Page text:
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Microprocessors march on

By Gary Anthes
March 10, 2003 12:00 PM ET

Computerworld - For more than three decades, microprocessors have doubled in power every 18 to 24 months. That progress will continue for another 10 years or so, chip makers say; then some new technology may have to be found to replace the silicon semiconductor (see story).
Unfortunately, the companies that make microprocessors and use them to build computer systems can't just catch a free ride on the back of Moore's Law. As silicon transistors grow smaller -- there will be a billion on a single chip in five years -- chips become exponentially more expensive to design, manufacture and test. And the laws of physics intrude: In the mysterious realm called "deep submicron," for example, power dissipation gets nearly impossible to control, and cosmic rays cause random processing errors.
"The power-dissipation problem will prevent the further scaling after 10 years. Improvements will come about from system-level integration rather than transistor-level enhancements," says Bijan Davari, technology vice president at IBM's microelectronics division.
About 60% of the total performance gains in microprocessors have come from higher clock frequencies resulting from smaller and faster transistors. The balance have come from processing architectures that allow the execution of more than one instruction per clock tick. A microprocessor can do that by predicting the flow of a program through several branches of program logic or by executing instructions "speculatively" -- before they are needed. But pushing those tricks further is becoming difficult and expensive.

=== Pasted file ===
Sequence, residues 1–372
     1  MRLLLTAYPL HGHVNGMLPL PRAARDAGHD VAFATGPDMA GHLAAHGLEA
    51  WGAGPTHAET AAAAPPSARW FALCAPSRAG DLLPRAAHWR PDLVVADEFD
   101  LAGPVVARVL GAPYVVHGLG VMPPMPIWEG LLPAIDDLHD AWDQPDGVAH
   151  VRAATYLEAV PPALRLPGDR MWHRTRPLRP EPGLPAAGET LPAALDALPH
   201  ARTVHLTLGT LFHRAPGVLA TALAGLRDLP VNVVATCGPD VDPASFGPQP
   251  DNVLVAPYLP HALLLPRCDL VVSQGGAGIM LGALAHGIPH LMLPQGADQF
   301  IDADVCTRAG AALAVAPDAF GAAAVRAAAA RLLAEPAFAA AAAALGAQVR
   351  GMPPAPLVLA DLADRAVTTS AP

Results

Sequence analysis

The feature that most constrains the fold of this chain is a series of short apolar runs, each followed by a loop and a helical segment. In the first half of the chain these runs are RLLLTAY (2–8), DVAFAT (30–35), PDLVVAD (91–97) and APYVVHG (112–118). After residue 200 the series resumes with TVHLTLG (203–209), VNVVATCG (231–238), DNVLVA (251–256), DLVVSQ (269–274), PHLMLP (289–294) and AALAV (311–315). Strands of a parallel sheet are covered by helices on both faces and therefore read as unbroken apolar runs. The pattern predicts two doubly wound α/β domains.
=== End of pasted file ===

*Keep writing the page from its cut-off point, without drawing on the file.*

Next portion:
Dies like this one for an Intel Pentium 4 are used to fabricate microprocessors.
Dies like this one for an Intel Pentium 4 are used to fabricate microprocessors.
"We've gone from being able to execute two instructions at a time to eight or more," says James Hoe, a professor of electrical and computer engineering at Carnegie Mellon University in Pittsburgh. "But we are at the limit. The architecture is not scalable." Hoe says microprocessor developers will increasingly rely on the following ambitious schemes to find "parallelism" in programs and job streams:
Multithreading: Breaking a single program into multiple instruction streams, or threads, to be processed simultaneously. Each thread could handle a data packet or transaction, for example.
Simultaneous multithreading: A technique that makes a single physical processor appear to software as two processors, so two programs can execute simultaneously, boosting total throughput. Intel Corp. calls it "hyperthreading."
Chip multiprocessing: The placement of two or more physical processor "cores" on one chip. The cores can run independently but share some resources. IBM is shipping a dual-core Power4 processor, and Sun Microsystems Inc. is expected to unveil one later this year in its UltraSPARC IV. Intel will introduce a dual-core Itanium chip in 2005.

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